Only collaboration across all infrastructure sectors will achieve net zero carbon, says ICE round table

Collaboration across and beyond all infrastructure sectors will be vital to the success in achieving net zero carbon.

This was the main conclusion following roundtable discussions and a panel debate that took place as part of ICE President, Rachel Skinner’s visit to the West Midlands.

The first roundtable took place on the first day of her visit, where a number of ICE Fellows working in the region from a range of sectors came together to discuss the carbon net zero challenge. The discussion centered around three questions: what the immediate steps that should be taken at a regional level are; how the civil engineering industry should widen collaboration with other stakeholders in carbon reduction activities; and how the UN Sustainable Development Goals (SDGs) support the aspirations of the West Midlands infrastructure outcomes.

What was clear was that collaboration across all sectors – including the different civil engineering sectors – is essential as the region strives to reach its ambitious net zero target. Real, rapid change will also rely on public understanding and a wider willingness to take the opportunity to change, permanently, how we work, travel, socialise and connect over the long-term, underpinned by support from consistent national and regional policy-setting.

Everyone agreed that providing more accessible sustainable public transport and reshaping cities will be fundamental to changing behaviour. However, a more holistic and inclusive approach was considered the correct approach, as every community has its own unique existing infrastructure and needs.

The second roundtable took place on day two, as Rachel was joined by infrastructure and senior leaders from key organisations including Network Rail, Transport for West Midlands, Aldersgate Group, Energy Capital West Midlands, Urban Splash and SWM (Sustainability West Midlands).Rachel acknowledged that the West Midlands already has a bold vision, since the West Midlands Combined Authority (WMCA) declared a climate emergency in 2019 and set an ambitious target for the West Midlands to be carbon neutral by 2041.

Everyone agreed that there is already much work being done in individual sectors at a local level, but that there is a serious opportunity to improve cross-sector discussions and best practice sharing to ensure that limited funding is utilised in the best possible way to tackle climate change.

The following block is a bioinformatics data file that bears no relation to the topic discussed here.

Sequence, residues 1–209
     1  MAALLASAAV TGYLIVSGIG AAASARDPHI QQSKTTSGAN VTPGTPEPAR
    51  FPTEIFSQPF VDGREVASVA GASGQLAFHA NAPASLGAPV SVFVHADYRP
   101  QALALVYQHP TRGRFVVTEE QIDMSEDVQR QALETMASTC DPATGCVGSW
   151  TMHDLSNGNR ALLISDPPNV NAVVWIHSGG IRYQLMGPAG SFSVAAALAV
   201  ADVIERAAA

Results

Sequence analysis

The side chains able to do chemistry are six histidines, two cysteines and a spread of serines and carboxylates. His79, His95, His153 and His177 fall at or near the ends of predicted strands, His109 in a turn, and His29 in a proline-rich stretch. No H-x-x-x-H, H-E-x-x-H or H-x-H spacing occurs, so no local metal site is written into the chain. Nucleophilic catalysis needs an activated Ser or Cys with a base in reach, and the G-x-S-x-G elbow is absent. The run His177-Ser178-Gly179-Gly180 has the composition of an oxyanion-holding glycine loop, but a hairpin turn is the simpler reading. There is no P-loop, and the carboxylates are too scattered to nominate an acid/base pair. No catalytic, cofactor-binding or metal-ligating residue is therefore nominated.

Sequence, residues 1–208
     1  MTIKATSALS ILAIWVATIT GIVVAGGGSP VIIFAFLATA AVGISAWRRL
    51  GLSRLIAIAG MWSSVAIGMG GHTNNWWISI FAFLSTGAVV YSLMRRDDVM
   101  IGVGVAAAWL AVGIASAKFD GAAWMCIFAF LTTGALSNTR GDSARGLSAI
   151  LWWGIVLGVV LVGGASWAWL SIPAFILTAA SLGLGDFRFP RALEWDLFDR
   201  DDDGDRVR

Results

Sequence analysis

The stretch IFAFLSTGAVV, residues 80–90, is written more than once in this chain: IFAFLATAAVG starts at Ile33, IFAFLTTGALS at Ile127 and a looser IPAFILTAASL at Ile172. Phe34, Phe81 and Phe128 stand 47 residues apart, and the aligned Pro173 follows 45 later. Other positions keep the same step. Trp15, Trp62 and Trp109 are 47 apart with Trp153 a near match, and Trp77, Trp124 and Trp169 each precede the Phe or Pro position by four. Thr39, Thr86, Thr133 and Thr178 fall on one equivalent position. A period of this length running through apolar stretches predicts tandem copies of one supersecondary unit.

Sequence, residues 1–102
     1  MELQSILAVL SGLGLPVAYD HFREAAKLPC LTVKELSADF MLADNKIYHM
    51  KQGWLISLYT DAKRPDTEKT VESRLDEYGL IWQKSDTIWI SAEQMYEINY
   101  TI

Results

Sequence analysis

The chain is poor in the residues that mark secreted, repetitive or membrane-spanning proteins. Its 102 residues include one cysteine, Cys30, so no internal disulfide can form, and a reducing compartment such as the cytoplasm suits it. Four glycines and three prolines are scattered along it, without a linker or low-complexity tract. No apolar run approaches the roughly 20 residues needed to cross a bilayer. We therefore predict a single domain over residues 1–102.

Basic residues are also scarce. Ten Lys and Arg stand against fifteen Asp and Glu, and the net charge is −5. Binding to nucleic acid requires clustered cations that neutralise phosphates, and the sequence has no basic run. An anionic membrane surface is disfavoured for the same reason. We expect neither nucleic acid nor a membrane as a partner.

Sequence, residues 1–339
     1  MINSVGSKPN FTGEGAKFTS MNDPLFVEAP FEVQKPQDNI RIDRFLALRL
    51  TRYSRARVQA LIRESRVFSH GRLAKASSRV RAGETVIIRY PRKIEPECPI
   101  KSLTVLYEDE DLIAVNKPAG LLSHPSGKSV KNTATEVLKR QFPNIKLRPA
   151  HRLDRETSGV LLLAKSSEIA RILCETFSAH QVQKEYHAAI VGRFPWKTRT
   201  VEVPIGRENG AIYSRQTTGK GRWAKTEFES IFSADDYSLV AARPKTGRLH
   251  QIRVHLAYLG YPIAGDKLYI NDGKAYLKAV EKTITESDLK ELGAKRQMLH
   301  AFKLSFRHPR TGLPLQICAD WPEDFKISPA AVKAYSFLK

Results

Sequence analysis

A panel debate with experts from Transport for West Midlands, Network Rail, National Grid and Birmingham Council debated the challenges of delivering net zero, both nationally and in the West Midlands, and in particular, how digital tools will be increasingly influencing the design and construction decisions in strategic decarbonisation projects in the region.

Rachel Skinner, ICE President, said: “I have been really impressed with both the energy and appetite to tackle climate change in the region. I was delighted to see the clear commitment to – and understanding of – the regional aim to reach net zero carbon by 2041, ahead of the UK legally binding target of 2050. It is clear from the roundtable and panel discussions that collaboration – particularly between the private and public sector and with communities – is vital if we are all to start making a real difference. I do hope that by bringing key people together during my visit and encouraging fresh debate, we are helping to lay the foundations for continuing close working and partnership.”

Gbenga Oludotun, ICE West Midlands Regional Chair, said: “The need for various local and regional authorities to work together to achieve the West Midlands’ ambitious plan of reaching net zero carbon by 2041, has never been more important. I am thrilled that we were able to facilitate a meeting for Rachel with our regional infrastructure leaders.  It is vital that we continue to engage with them to discuss what challenges and opportunities they see whilst working together to create a greener and more sustainable West Midlands.”

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